“One reason I was able to have a bookstore here is the amount of people that work in New York — publishers, editors, finance people — and then they’re in town during the weekends,” she said. “There’s a definite link to New York.”

That big-city sophistication is exemplified by the Inn at Pound Ridge by Jean-Georges, a restaurant opened by the French chef Jean-Georges Vongerichten, and by Pound Ridge Golf Club, an 18-hole public facility designed by the “Picasso” of golf course design, Pete Dye.

Pound Ridge has traditionally been a wealthy community, and the pandemic has only pushed prices higher. As Ms. O’Donnell of Houlihan Lawrence put it, “$650,000 is your cheapest house — a small home, total fixer.”

She added: “Your typical colonial that was $850,000 two years ago is now around $1 million. I’m noticing that whatever anything was a year and a half ago, add 20 percent.”

As of June 1, the median sale price for a single-family home in Pound Ridge was $910,000, up 13.6 percent year over year, according to Houlihan Lawrence. Supply is down 52 percent from a year ago.

Architecture styles range from modern contemporary to antique homes and old farmhouses renovated with a Scandinavian feel. “Those go the fastest,” Ms. O’Donnell said. “If they’re updated, it’s a surefire bidding-war situation.”

Recent listings include a three-bedroom, four-and-a-half-bath, Shingle-style house with a vegetable garden and beehives on two acres, listed for $1.295 million; an architect-designed contemporary estate on three acres overlooking a lake, with five bedrooms and a half basketball court, listed for $3.495 million; and a 7,300-square-foot country colonial with a chef’s kitchen that includes a fireplace, wood- and gas-fired Renato pizza oven and La Cornue range, listed for $1.639 million.

There aren’t many new builds or developments in the area because of the zoning restrictions, and it’s rare to find a home on less than two acres, a consideration for anyone who finds landscaping a daunting chore.

“You do get more house, more property, in Pound Ridge than you do in Bedford or some of the bordering towns,” said Mark Boyland, an agent with Keller Williams in Bedford, N.Y. “We’ve seen people selling their house in Bedford and moving to Pound Ridge. People are realizing, ‘We actually get some more bang for our buck here.’”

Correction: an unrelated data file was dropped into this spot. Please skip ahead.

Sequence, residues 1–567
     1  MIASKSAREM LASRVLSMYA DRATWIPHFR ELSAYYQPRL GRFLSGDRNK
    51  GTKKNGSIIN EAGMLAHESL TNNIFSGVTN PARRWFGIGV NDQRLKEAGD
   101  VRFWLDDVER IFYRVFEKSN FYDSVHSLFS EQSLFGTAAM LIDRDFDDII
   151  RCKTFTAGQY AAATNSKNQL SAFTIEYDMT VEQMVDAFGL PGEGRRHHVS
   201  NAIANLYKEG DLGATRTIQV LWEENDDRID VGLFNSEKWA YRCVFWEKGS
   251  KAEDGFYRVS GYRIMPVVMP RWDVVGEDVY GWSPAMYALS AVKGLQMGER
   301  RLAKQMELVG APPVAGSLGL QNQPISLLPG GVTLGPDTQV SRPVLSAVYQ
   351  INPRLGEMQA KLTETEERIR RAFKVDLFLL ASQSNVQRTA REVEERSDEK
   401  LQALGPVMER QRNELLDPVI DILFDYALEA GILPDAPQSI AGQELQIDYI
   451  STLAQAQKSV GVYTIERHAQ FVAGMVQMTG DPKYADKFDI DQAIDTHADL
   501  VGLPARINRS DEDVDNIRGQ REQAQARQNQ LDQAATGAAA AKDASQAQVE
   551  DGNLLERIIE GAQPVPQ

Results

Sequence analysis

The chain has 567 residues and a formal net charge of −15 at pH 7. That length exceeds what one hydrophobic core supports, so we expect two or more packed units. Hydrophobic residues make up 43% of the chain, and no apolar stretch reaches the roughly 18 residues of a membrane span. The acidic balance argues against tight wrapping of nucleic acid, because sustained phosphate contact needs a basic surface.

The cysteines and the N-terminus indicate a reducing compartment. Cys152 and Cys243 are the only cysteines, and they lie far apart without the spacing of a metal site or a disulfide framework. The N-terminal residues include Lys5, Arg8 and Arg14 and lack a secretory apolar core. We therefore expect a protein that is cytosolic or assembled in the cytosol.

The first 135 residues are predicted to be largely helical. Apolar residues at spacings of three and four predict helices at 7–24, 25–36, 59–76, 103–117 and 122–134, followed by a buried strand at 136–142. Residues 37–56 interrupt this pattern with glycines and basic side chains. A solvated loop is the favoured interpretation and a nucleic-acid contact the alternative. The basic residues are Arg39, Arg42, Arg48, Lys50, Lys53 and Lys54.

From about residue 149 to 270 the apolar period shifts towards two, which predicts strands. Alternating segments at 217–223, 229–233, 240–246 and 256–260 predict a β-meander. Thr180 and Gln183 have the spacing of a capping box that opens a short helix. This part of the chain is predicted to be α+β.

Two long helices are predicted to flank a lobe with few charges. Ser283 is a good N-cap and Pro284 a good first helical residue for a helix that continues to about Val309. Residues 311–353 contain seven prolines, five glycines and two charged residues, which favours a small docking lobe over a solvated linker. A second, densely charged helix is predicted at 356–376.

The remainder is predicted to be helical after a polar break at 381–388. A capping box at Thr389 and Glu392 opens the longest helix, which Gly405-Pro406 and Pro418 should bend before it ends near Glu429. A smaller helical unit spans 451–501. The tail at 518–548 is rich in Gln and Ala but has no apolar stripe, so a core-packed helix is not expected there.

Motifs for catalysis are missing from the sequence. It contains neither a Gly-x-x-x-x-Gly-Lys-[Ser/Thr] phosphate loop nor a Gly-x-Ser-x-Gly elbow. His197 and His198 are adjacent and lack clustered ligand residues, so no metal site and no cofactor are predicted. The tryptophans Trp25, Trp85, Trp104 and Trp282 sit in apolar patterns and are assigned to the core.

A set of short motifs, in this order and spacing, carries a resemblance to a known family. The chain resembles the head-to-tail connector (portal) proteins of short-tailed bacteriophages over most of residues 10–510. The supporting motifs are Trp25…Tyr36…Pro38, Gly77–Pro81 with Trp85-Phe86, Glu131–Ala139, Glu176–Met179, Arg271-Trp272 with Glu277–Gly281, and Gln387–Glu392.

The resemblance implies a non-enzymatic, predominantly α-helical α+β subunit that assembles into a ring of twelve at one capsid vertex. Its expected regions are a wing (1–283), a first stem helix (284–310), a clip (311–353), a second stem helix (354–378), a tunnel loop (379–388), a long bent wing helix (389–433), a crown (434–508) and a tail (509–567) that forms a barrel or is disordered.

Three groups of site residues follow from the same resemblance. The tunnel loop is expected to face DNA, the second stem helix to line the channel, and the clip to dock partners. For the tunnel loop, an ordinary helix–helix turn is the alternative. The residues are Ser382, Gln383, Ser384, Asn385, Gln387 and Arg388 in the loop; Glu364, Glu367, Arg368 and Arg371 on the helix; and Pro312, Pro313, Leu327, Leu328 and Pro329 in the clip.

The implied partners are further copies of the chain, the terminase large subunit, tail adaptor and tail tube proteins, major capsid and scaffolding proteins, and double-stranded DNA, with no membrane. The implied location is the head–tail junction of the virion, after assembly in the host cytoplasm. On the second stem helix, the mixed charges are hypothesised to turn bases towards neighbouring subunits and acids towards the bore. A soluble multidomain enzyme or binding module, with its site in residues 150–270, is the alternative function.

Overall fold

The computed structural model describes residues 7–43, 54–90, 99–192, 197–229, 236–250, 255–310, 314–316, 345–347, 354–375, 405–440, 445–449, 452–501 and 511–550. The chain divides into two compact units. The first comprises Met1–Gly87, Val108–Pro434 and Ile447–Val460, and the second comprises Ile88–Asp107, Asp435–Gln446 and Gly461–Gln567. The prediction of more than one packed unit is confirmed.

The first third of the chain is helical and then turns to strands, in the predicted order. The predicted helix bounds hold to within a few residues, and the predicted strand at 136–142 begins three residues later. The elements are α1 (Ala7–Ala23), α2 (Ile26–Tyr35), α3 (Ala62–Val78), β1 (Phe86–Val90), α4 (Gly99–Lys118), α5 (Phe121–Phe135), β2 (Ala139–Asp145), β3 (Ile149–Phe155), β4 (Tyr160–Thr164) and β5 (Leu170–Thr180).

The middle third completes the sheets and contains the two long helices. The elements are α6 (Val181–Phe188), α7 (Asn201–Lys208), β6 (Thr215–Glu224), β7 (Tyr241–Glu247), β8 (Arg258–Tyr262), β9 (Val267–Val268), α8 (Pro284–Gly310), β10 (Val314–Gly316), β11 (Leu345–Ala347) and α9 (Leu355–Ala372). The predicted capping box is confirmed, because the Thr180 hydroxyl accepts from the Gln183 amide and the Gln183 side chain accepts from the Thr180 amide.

Richard Gere, Mike Myers and Susan Sarandon are just a few of the celebrities who have lived in Pound Ridge, drawn to the privacy provided by the large properties, as well as the peace and quiet.

“When you’re in Pound Ridge, you’re out there,” Mr. Boyland said. “People are coming there because they don’t want a lot of commercial traffic, a lot of noise. If someone leans more toward the outdoors, Pound Ridge is also a good place to settle.”

To Ms. Williamson, Pound Ridge feels peaceful but not remote. “You come home and you have deer, rabbits — you’re in a natural environment,” she said. “But in 10 minutes, I’m in Stamford and have Starbucks, if I want.”

Ms. Wing, the real estate developer, has a new family home close to the New Canaan border, in what she called “the off-the-beaten-path part of Pound Ridge,” close to the reservoirs.

But “we do a lot of things in the neighboring towns,” she said, or in Scotts Corners. “People live on these large lots and are looking for opportunities to come together.”

Pound Ridge has one public school, Pound Ridge Elementary School, which serves kindergarten through fifth grade and provides special education. But the majority of Pound Ridge lies in the Bedford Central School District, and children attend Fox Lane Middle School and Fox Lane High School, both in Bedford.

The most recent graduation rate at the high school was 85 percent, compared with a statewide average of 83.4 percent. Average SAT scores were 620 in English language arts, compared with 528 statewide, and 620 in math, compared with 530 statewide.

Most residents send their children to public schools, but there is a private option in Bedford, Rippowam Cisqua School, for prekindergarten through ninth grade.

Pound Ridge is not a big commuter town, but those who do commute to New York can drive the 10 or so miles to Bedford Hills or Katonah, both of which are on Metro-North Railroad’s Harlem line. The trip to Manhattan takes about an hour and 20 minutes. Stamford, Conn., is 12 miles away and offers one-hour express service on Metro-North and Amtrak.

Midtown Manhattan is about 50 miles away; the drive can take an hour or longer, depending on traffic.

Pound Ridge was once known as Basket Town because it was a leading maker of straw oyster baskets used by fishermen on Long Island Sound. The town was incorporated in 1788. Well into the 21st century, it retains its nearly off-the-grid independence, Mr. Hansan said: “We’re the end of the electrical grid. We’re used to being self-sufficient as a community. We don’t even have a traffic light.”